visible from space (1)

tverbeek (457094) | about 8 months ago | (#45357221)

"it was even visible from space"

My house is "visible from space": it's right there on Google Maps. This phrase is meaningless, because it's almost entirely a function of weather, the camera being used, and whether something is covered.

(On the other hand, it's often parroted that the Great Wall of China is "the only man-made object visible from space" ... but even one of China's own astronauts admitted that he couldn't pick it out from Low Earth Orbit.)

Re:visible from space (1)

SuricouRaven (1897204) | about 8 months ago | (#45357315)

Also depends if you consider an entire city as one object. Plenty of those are visible.

Re:visible from space (1)

DMUTPeregrine (612791) | about 8 months ago | (#45357557)

Google maps uses images from aircraft, not spacecraft.
But yes, the quality of the optics matters. A spacecraft with a big telescope, like a spy satellite, will have a much easier time seeing things on the ground than an astronaut with only eyes.

Re:visible from space (1)

Anonyme Connard (218057) | about 8 months ago | (#45357575)

Do you know that Google Maps is not made of satellite images only?
Your house is visible on aerial photographies. This is not what is usually refered to as "visible from space".

I for one... (1)

Anonymous Coward | about 8 months ago | (#45357239)

...welcome our new gelatinous overlords.

turning lemons into "lemonade" (0)

Anonymous Coward | about 8 months ago | (#45357241)

Any hotties need me to pee on their jellyfish stings?

Easy to solve (1)

gmuslera (3436) | about 8 months ago | (#45357249)

Give a more profitable use to jellyfish (even if it is for making glow-in-the-dark ice cream [dailymail.co.uk] , or other uses [discovery.com] ) better than "normal" fishes and the balance could be reached again... before is too late [theherald.com.au] .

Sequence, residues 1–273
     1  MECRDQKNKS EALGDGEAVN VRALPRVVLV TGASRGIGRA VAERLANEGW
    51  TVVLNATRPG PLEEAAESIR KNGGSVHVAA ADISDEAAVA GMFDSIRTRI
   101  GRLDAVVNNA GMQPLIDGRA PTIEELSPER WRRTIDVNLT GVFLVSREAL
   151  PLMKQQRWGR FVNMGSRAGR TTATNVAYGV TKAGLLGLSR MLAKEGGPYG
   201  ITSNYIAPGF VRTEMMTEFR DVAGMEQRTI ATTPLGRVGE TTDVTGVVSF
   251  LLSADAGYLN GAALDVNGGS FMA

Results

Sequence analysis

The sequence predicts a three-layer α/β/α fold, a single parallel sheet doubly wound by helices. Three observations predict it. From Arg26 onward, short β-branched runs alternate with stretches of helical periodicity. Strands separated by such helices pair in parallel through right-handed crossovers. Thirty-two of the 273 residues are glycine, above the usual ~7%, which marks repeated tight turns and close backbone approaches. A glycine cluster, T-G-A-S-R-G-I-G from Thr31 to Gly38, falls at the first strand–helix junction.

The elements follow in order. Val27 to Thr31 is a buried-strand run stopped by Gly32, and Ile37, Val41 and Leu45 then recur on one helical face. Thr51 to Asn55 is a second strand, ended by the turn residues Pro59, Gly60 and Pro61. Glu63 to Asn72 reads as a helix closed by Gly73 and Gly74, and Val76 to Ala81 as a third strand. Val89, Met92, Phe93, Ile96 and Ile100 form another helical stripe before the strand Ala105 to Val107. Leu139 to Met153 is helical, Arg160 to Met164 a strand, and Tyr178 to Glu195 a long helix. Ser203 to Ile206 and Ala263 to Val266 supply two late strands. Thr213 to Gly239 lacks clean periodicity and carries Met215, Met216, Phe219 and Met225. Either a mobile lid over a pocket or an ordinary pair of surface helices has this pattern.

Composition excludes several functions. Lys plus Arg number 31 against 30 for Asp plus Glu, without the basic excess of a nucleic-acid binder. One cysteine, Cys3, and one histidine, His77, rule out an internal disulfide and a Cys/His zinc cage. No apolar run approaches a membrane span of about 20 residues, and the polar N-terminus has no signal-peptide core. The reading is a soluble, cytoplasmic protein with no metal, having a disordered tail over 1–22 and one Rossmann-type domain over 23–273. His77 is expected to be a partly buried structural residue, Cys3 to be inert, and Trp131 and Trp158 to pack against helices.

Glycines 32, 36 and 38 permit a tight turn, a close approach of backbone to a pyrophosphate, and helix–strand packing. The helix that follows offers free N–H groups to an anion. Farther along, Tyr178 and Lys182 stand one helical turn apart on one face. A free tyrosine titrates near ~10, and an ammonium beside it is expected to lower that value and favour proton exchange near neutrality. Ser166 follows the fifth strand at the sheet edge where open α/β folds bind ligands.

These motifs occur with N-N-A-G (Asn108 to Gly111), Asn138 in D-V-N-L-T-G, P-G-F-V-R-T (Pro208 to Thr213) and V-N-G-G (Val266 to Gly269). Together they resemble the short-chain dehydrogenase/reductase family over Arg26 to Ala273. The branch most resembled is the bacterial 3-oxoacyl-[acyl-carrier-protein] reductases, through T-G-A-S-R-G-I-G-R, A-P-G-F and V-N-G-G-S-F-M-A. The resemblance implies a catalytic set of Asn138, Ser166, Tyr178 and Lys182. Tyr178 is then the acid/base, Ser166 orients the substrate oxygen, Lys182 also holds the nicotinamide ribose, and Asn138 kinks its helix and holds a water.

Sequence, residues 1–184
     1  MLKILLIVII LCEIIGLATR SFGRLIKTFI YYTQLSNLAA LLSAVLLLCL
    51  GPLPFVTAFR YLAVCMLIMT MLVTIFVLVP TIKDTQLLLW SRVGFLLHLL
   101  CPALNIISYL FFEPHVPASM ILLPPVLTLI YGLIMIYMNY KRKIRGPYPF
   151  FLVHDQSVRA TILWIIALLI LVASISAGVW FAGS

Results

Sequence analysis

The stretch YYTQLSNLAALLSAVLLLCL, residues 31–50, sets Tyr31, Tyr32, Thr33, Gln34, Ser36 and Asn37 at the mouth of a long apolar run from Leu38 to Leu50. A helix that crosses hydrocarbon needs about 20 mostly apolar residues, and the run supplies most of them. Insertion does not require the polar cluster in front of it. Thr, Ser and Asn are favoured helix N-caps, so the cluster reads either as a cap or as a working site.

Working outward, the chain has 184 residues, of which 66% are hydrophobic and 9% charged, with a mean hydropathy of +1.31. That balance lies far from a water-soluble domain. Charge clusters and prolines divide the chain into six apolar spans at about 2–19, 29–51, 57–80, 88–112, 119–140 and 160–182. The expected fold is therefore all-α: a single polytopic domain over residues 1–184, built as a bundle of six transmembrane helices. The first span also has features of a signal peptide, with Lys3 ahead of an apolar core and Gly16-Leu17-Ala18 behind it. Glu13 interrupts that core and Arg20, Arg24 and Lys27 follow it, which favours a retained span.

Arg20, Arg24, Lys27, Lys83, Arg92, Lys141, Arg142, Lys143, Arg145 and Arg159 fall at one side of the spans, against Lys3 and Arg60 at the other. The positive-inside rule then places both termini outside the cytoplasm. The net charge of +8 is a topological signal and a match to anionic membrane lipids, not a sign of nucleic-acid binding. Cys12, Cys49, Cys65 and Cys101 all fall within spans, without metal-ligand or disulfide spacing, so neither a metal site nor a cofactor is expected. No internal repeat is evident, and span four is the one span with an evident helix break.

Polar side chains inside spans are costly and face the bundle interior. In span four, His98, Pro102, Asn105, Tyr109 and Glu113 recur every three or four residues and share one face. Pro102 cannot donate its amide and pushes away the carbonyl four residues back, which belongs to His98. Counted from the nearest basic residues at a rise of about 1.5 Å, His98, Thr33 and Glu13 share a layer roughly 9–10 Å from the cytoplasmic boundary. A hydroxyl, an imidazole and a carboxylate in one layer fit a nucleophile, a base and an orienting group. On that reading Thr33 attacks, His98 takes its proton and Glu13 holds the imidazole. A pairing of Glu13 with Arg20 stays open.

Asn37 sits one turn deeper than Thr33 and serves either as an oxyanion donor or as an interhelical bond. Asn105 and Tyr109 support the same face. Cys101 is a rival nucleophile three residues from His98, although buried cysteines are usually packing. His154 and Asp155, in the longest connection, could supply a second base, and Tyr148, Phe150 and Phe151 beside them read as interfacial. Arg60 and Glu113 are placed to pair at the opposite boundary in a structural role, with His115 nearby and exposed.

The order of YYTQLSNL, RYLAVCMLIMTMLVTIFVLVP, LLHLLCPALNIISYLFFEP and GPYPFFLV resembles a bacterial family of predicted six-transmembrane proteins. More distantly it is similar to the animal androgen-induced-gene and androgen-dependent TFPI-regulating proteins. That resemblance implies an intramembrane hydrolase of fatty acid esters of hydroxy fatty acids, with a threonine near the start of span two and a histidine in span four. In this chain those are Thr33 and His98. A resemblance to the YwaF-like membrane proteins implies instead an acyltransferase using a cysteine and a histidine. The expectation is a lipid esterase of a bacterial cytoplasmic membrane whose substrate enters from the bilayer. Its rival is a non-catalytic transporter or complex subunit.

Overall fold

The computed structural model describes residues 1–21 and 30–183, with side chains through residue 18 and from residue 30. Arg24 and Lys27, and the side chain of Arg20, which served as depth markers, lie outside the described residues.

Re:Easy to solve (0)

Anonymous Coward | about 8 months ago | (#45357563)

Really? Fishes?

Energy Dept Launches Alternative Fuel Station App (0)

Anonymous Coward | about 8 months ago | (#45357257)

As part of the Obama Administration's commitment to expand access to data and give consumers more transportation options that save money at the pump, the Energy Department today launched a new mobile app to help drivers find stations that provide alternative fuel for vehicles. [energy.gov]

Oh? (1)

sanjacguy (908392) | about 8 months ago | (#45357259)

I, for one, WELCOME our new invertebrate overlords.

Go Pods!

Remember Soylent Green (0)

Anonymous Coward | about 8 months ago | (#45357285)

Don't trust any government claiming we have a new ocean food source.

What can be done? (1)

walterbyrd (182728) | about 8 months ago | (#45357399)

There are some countries that will not never stop over-fishing. I cannot imaging that carbon emissions will go down anytime soon.

Pixar quote... (1)

bobbied (2522392) | about 8 months ago | (#45357535)

Dory: [sees a very small baby jellyfish] I shall call him Squishy and he shall be mine and he shall be my Squishy Come on, Squishy Come on, little Squishy...

[makes baby talk and slowly touches the jellyfish, getting shocked]

Dory: [pulling her fin away quickly] Ow! Bad squishy, bad squishy!

Plankton die off (1)

jmichaelg (148257) | about 8 months ago | (#45357541)

Restore the plankton and you've restored the bottom of the food chain.

The plankton have died off by at least 40% [scientificamerican.com] over the past 60 years. John Martin at the Monterey Bay Aquarium Research Institute hypothesized in the early 90's that the die-off was due to diminishing iron in the ocean surface waters. He was quoted as saying "Give me a freighter full of iron fertilizer and I'll give you an ice age." meaning that spraying iron onto the ocean's surface would re-populate the plankton and they in turn would consume the excess CO2 that's currently acidifying the oceans.

In 2002, MBARI validated his hypothesis that spraying iron fertilizer would engender a plankton bloom. [mbari.org] Subsequent studies have replicated MBARI's results.

Seems to me that if someone were to claim a 100 square mile chunk of ocean, they could fertilize it, seed it with anchovies and start a very profitable aqua farm. They would be harvesting a variety of predator fish such as bass and tuna once they discovered the anchovies feasting on the plankton. Since the farm wouldn't harvest all of the carbon the plankton consumed, it'd be a net carbon sink.

Revenge by Mollusca... (1)

dtjohnson (102237) | about 8 months ago | (#45357547)

Humans (and other vertebratans) have been feeding on mollusca denizens for centuries...and they are getting pissed off about it. Snails, clams, octopus, squid, abalone, and geoducks...we've had our fill and then some. Not to mention the unspeakable things humans routinely do to slugs. Molluscans have had enough of our abuse and they are coming after us.

Energy source? (1)

J-1000 (869558) | about 8 months ago | (#45357559)

Jellyfish-powered cars?